Since October 9, the first day in post-Soviet history that the ruble-to-dollar exchange rate climbed above 40, the Russian currency was consistently hammered, until it managed to end last week’s rollercoaster below 60. Post-Soviet economies to the South of Russia have been hit by the financial crisis in Moscow. Although Central Asian trade with Russia is declining, in favor of a surge in business with China, all countries in Central Asia still maintain strong economic relations with Russia. This means that any crisis in Russia is immediately felt in Central Asia.
The two poorest economies in Central Asia, Tajikistan and Kyrgyzstan, are also among the most Russia-dependent in the entire post-Soviet space. Dushanbe and Bishkek’s budgets depend heavily on remittances from migrant workers living in Russia. The ruble, together with the dollar, is widely available in both countries and exchange rates are a significant indicator of the stability of their economies. With the ruble crumbling, Tajikistan’s somoni has reacted very slowly on the official market: The increase against the dollar since October 9 has been just below 3 percent. However, it is worth noting that for four consecutive days last week the official rate hiked almost 4 percent each day before rebounding back to 5.13 somoni per dollar. In the same period, the Kyrgyz som gradually weakened against the dollar, declining 4.5 percent. Notably, for the first time, the som became more valuable than the ruble.
In the past two months alone, the ruble has lost between 55 and 40 percent of its value against the dollar, and has also lost ground against the somoni and som. This could have dangerous consequences for worker remittances from expat Central Asian workers. The Kyrgyz government is preparing for windfalls from abroad to fall by at least $1 billion. The drought in remittances, accompanied by government spending to keep their currencies closer to the dollar, poses a direct threat to the budgets of Tajikistan and Kyrgyzstan.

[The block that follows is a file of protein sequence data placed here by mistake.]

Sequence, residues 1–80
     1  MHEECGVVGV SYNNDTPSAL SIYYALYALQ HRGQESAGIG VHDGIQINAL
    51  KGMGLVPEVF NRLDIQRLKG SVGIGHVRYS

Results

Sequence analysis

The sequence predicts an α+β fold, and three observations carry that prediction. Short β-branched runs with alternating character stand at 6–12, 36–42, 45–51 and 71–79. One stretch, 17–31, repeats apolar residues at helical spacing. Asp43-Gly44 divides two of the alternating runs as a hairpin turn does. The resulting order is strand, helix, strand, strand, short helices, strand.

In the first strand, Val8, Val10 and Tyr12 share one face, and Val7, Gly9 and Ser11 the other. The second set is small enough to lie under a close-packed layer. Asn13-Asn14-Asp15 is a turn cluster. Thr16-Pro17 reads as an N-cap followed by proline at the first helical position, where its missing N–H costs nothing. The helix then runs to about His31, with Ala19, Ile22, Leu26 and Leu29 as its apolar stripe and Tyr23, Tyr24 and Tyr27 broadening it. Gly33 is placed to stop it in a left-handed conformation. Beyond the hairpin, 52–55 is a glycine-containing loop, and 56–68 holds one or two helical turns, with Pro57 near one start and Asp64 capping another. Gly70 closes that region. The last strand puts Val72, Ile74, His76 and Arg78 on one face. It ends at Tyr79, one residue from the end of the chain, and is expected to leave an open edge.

Uzbekistan has the advantage of a more diversified, independent economy. Since October 9, the Uzbek currency – also called the som – has lost only 2.37 percent against the dollar, although it is down 11 percent year on year. The two energy-rich countries, Turkmenistan and Kazakhstan have managed to keep their currencies pegged to the dollar, using their foreign reserves to keep rates stable and defend the manat and tenge. In Kazakhstan, in particular, fears of a second devaluation in 2014 have eased.
Worried about the stability of the ruble, Central Asian countries have clung to the dollar in an effort to maintain credibility internationally and keep their citizens from taking to the streets. This decision could, however, harm trade relations with Russia and reduce the purchasing power of ruble remittances sent by migrant workers. The situation in Moscow poses a dangerous dilemma for Central Asian leaders, which must choose between either draining their reserves to defend their currency or allowing a devaluation, with a high risk of discontent in Kazakhstan, Tajikistan, and Kyrgyzstan, where inflation is already high.
With interest rates looking set to rise in the U.S., emerging markets will receive fewer dollars and the U.S. dollar will strengthen. That is likely to put even more pressure on Central Asian leaders.